Tragic Encounters and Ordinary Ethics curates an ethnographic imagination in response to the political tensions arising out of the continuing violence in Palestine-Israel. It invites students and academics to attend to lived experiences within our own university institutions in order to cultivate ethical forms of communication in response to conflicts of justice.

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An ethnography of (im)mobility, space, and cross-border infrastructures in the Balkans

This book is an ethnographic and historical study of the main Albanian-Greek cross-border highway. It is not merely an ethnography on the road but an anthropology of the road. Complex sociopolitical phenomena such as EU border security, nationalist politics, transnational kinship, social–class divisions, or post–cold war capitalism, political transition, and financial crises in Europe—and more precisely in the Balkans—can be seen as phenomena that are paved in and on the cross-border highway. The highway studied is part of an explicit cultural–material nexus that includes elements such as houses, urban architecture, building materials, or vehicles. Yet even the most physically rooted and fixed of these entities are not static, but have fluid and flowing physical materialities. The highway featured in this book helps us to explore anew classical anthropological and sociological categories of analysis in direct reference to the infrastructure. Categories such as the house, domestic life, the city, kinship, money, boundaries, nationalism, statecraft, geographic mobility, and distance, to name but a few, seem very different when seen from or on the road.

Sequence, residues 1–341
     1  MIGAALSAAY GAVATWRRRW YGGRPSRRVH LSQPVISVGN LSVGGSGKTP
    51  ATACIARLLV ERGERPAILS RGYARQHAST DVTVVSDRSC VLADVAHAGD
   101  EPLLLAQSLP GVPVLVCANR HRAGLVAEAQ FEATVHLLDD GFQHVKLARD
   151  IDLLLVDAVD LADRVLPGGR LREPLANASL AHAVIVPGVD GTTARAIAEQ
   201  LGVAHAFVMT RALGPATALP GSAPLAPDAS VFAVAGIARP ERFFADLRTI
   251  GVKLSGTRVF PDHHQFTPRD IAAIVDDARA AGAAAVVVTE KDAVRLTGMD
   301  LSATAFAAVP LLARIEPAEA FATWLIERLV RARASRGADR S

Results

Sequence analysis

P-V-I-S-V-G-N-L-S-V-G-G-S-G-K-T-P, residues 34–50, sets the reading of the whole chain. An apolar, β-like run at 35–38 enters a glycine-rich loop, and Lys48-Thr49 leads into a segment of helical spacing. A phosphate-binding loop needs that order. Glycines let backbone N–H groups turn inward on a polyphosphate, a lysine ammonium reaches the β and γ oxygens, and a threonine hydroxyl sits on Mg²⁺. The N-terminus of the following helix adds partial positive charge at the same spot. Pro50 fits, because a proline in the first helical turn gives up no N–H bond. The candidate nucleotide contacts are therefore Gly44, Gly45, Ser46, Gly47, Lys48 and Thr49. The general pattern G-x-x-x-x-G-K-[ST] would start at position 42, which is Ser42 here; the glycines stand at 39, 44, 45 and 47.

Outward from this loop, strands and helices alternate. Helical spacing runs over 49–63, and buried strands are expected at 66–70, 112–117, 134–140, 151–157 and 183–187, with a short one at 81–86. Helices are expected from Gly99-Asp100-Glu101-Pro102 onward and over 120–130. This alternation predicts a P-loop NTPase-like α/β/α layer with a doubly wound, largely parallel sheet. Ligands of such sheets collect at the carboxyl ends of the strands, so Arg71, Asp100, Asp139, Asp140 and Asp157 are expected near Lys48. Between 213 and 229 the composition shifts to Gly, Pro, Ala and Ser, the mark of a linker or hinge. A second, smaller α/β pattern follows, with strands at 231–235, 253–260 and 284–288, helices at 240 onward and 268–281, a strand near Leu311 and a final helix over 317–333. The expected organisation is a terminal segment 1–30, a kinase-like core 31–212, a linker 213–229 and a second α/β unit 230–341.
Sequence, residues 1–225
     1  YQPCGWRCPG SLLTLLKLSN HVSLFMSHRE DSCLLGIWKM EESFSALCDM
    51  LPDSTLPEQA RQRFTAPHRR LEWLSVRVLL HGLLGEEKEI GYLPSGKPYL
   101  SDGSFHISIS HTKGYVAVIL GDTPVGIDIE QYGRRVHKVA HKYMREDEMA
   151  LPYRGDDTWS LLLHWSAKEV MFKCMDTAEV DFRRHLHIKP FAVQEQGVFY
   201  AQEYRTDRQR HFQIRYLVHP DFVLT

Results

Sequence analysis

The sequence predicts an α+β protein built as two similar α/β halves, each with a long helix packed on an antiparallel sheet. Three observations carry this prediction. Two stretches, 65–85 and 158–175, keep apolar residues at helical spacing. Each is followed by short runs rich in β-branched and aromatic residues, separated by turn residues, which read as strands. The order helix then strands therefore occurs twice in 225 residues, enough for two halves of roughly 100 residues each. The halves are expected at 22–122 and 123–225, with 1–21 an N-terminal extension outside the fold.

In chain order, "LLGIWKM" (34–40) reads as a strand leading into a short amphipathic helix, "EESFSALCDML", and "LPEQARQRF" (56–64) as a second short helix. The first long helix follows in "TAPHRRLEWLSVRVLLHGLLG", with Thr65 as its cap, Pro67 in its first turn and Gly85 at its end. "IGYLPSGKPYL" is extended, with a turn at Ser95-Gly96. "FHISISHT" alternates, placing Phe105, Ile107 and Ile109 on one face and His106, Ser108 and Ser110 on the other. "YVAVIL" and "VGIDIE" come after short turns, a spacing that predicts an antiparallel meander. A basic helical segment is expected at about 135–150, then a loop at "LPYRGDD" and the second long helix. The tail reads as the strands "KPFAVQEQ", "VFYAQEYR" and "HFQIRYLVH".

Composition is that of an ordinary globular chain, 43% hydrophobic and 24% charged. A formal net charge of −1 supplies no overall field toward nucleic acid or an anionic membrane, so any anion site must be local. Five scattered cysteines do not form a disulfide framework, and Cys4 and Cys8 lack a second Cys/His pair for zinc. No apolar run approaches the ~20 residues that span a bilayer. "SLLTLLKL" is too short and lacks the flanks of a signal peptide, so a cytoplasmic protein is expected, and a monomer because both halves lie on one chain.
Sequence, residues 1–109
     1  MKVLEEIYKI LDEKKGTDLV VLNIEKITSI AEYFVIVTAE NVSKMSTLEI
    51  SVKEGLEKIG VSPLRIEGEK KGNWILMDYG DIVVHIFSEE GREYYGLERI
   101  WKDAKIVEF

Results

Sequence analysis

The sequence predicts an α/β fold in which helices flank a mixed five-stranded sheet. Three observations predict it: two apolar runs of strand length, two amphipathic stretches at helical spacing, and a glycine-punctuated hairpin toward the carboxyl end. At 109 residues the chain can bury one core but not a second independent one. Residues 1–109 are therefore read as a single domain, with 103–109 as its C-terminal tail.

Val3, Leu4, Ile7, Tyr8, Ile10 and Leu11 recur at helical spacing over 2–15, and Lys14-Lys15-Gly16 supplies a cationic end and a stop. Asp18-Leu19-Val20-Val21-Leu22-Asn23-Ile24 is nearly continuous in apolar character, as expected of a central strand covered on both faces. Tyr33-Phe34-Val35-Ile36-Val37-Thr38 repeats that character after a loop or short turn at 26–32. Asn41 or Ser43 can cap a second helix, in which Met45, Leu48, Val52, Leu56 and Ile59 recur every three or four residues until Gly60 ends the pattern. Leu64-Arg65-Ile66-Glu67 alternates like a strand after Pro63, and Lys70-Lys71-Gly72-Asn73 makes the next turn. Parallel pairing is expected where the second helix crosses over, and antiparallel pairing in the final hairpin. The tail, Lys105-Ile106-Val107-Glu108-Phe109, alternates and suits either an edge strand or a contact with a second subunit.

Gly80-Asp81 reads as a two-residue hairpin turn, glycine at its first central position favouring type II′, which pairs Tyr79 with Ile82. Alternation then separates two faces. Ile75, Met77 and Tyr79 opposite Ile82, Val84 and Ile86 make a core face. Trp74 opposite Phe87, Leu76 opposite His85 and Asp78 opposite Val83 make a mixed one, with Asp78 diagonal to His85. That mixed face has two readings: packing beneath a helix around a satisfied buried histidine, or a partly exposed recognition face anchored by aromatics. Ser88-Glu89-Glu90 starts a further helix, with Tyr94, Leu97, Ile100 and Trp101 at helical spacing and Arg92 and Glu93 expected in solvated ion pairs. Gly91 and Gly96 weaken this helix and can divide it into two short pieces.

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Towards ethical ethnography
Ruth Sheldon

leads me to challenge the legitimisation of theoretically abstract modes of knowing Finding the words 37 by developing a claim for ‘responsive ethnography’.2 By this I mean a practice of reflexive knowledge production, in which the researcher learns about themselves and others, through exploring closeness and distance in their relationships within and beyond the field. As I trace how I underwent this process, I identify a turning point in relation to the workings of my own surname in my fieldwork; I show how this exposed my deep implication with my research

in Tragic encounters and ordinary ethics
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Mary Gilmartin

scales, linking together local and localised sites, such as Irish pubs or GAA clubs, in loose maps of similarity. Just as a contour map links these sites of similarity together, it also shows different local contexts, identified both by the cartographic representation of the terrain over which the contour lines cross and by the distance or proximity between them. In this way, the metaphor of countertopographies also recognises difference. For example, Irish pubs and GAA clubs have a collective and indeed global role, but they also differ, depending on their local

in Ireland and migration in the twenty-first century